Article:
DENHAM SPRINGS - While the city is in the midst of recovery, it seems that the flood is starting to take a back seat in some instances to the normal, every day circumstances.
Extending flood recovery to a potential 4.5 year term received very little fanfare Monday night, as the council unanimously approved a master services agreement with Forte & Tablada through January 2021 for engineering services with regard to recovery. They also unanimously approved the move to declare 'wet city hall' as surplus - opening the door for demolition.
So what did get the attention? Garbage talk.
Republic Services, which holds a contract with the city, came in full force to discuss a rate increase based on the Consumer Price Index (CPI) of 18-cents per household.
According to Mayor Gerard Landry, that totaled about $595 per month for Republic, or just over $7100 per year.
The discussion was mostly a formality, as the CPI-based increases are baked into the garbage collection company's contract with the city - which is considered standard operating procedure.
However, the council was quick to address issues with Republic's service.
"95% of the calls we here on the council receive are about garbage pickup," said councilman Jeff Wesley.
The council then entered discussion with representatives of Republic regarding collection issues. The mayor produced three thick folders, provided by his administrative assistant, that contained e-mails with Republic discussing three specific areas of issue - regular trash pickup; storm debris pickup; and cart issues.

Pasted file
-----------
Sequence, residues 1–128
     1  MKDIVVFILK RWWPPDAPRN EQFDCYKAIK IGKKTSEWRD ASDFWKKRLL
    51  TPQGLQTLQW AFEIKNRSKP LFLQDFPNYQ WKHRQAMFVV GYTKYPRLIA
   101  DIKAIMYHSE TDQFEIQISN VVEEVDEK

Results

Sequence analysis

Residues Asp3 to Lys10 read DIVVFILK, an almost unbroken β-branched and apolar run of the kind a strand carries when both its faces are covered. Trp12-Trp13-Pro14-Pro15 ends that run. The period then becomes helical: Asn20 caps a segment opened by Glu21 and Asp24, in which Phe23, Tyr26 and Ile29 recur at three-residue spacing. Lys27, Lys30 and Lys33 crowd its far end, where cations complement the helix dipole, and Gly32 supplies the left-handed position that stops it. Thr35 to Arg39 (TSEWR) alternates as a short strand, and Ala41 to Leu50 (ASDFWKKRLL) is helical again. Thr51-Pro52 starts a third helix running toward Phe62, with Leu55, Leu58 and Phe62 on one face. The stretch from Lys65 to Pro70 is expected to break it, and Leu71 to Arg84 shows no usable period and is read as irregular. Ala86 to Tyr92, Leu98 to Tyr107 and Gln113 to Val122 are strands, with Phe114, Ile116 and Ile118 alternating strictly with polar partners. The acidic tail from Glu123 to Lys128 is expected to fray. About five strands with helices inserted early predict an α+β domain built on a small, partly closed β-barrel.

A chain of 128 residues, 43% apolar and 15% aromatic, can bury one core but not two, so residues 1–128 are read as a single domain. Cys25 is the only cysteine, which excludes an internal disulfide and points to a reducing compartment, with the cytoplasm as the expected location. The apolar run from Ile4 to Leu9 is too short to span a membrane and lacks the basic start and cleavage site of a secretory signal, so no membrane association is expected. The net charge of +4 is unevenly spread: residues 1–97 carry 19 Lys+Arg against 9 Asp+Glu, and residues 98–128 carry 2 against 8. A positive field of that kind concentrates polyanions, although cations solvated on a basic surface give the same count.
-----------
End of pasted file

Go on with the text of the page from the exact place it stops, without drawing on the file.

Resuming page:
Councilman Robert Poole brought up a specific issue for recycling bin wheels, which were falling off the right side for many customers. Poole suggested that the problem could be caused by a 'calibration issue,' to which the republic representatives said they would look into the issue.
Republic also discussed a re-education campaign in Denham Springs for recycling, stating that over 50% of the city's recyclables were contaminated.
The main issue, suggested councilwoman Lori Lamm-Williams, was communication between Republic and the city. The folders that were produced earlier in the meeting contained e-mail correspondence, that was not always guaranteed a response or delivery.
According to councilman Amber Dugas, the contract states that prompt response - within 24 hours - is required on a per-issue basis, and that a fine by the city can be imposed for non-compliance.
Representatives from Republic said that the 24-hour period begins when the message is received.
From there, the conversation moved into the search for more real-time communication with Republic, either through an online portal or direct contact with a representative, for issues regarding trash pickup. Republic said that they have online portals which actively monitor tickets and issues, that they'd just have to assign Denham Springs to a person in the office.
That process would take a few weeks.
The group agreed that Republic should return once a quarter.
"I think this has been very productive," Poole said, "and I think a lot of these issues can be worked out."
Republic will return in January.